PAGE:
In their previous home, located on the same site, the clients had amassed a collection of religious objects and imagery, creating a sacred environment within their residence. However, rising crime rates and a burglary shook the clients' sense of security.
Rather than reconstructing the decorative house they previously had, the clients were looking for a minimalist design that could evoke a religious spirit and make them feel safe.
"For this reason, they were looking for a very discreet, austere project without ostentatious ornaments, with high walls and without windows to the outside," explained lead architect Rogelio Vallejo Bores.
"We understood that this would be the way in which architecture could give them back the loss of their sense of security."
From the outside, the house is a solid block with a recessed doorway. On the interior, rounded geometry softens the spaces. White stucco serves both the exterior and interior material, and white and grey marble slabs cover the floor.
The neighbourhood has long been home to shifting styles and eclectic designs, Bores explained, so "in this sense the austere white box absent of color opens the door to the possibility of being modified and thus maintain the changing face of the neighborhood."
The L-shaped single-level house comprises the entire site, walling off a series of courtyards.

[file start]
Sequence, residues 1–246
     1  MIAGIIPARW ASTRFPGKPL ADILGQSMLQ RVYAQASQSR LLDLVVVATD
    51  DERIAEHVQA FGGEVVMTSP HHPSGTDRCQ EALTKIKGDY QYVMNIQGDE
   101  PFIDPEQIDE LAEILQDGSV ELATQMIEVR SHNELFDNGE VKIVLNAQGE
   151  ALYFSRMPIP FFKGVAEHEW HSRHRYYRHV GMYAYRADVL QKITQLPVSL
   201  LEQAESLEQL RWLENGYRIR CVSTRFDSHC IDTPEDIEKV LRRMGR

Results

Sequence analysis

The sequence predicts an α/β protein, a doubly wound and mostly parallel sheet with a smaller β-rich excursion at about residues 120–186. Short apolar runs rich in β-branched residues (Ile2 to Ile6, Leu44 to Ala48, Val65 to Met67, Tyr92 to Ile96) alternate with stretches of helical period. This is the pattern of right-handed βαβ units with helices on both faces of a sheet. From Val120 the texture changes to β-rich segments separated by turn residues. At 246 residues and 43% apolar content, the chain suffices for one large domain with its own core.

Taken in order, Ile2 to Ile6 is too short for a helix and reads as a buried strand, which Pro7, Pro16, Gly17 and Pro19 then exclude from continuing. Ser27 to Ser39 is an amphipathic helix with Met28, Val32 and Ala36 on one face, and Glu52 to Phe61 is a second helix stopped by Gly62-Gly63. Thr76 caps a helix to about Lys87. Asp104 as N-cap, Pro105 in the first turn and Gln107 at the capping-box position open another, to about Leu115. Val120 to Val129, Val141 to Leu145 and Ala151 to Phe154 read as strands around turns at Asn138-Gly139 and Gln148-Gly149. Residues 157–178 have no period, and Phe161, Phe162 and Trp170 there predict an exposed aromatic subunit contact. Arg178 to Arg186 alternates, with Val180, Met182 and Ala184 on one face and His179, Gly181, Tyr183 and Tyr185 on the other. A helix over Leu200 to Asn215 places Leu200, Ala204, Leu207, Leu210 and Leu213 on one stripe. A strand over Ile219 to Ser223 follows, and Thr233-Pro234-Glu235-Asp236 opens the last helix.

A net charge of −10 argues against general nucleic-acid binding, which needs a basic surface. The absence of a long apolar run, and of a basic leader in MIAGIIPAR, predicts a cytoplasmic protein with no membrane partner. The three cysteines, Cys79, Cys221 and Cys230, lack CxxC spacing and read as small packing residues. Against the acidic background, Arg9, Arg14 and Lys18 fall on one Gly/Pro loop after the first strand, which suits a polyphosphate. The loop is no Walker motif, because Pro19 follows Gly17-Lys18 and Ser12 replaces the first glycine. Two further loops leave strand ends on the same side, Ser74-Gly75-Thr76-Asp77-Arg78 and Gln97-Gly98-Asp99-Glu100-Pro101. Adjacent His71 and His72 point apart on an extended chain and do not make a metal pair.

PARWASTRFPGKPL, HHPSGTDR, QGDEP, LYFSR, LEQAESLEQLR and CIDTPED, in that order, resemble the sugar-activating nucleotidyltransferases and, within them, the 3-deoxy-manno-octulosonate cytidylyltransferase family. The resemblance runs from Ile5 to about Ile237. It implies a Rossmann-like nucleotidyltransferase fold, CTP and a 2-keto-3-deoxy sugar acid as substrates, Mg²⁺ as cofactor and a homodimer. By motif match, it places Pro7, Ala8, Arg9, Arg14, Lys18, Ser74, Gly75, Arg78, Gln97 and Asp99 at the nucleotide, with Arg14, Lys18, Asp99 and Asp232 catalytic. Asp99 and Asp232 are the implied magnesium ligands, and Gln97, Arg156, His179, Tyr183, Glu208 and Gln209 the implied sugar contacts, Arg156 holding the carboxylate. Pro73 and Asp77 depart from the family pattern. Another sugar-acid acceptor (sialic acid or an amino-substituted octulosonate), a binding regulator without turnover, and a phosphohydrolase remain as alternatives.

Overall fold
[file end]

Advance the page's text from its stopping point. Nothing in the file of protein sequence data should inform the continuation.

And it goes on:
The main bar of the home contains a kitchen, dining and living space, a central primary suite, and two secondary suites at the end of a long corridor.
Each of the three linear courtyards – that illuminate and ventilate the interior spaces through floor-to-ceiling folding glass walls – are arranged next to a barrel vault that disperses light and references nearby baroque churches.
"The house reminds us of the arcades around the courtyard of San Agustin convent under which pilgrims and travelers sheltered, drank, and fed from the many orange trees planted," said Bores.
Around the corner from the home's public spaces sits a garage, service suite and another small courtyard.
The furniture is all low-profile and neutral in colour, while flat, wall-to-wall storage creates a panelized texture in the bedrooms.
The patios and high ceilings allow the home to maintain stable microclimates, drawing on the vernacular building standards of the local Tarascan population. The house also uses solar panels, negating the need to be connected to the electrical grid.
This house isn't the only monotone design HW Studio has completed in the area. Nearby, the studio replaced an abandoned warehouse with all-white forms to create a food market that infills historic stone walls. Also in Morelia, the studio designed a house sunken into a hillside.
The photography is by César Béjar.
Lead architect: Rogelio Vallejo Bores
Architects: Oscar Didier Ascencio Castro, Nik Zaret Cervantes Ordaz
Clients: Cesar Cortes and Sonia Patricia Serrato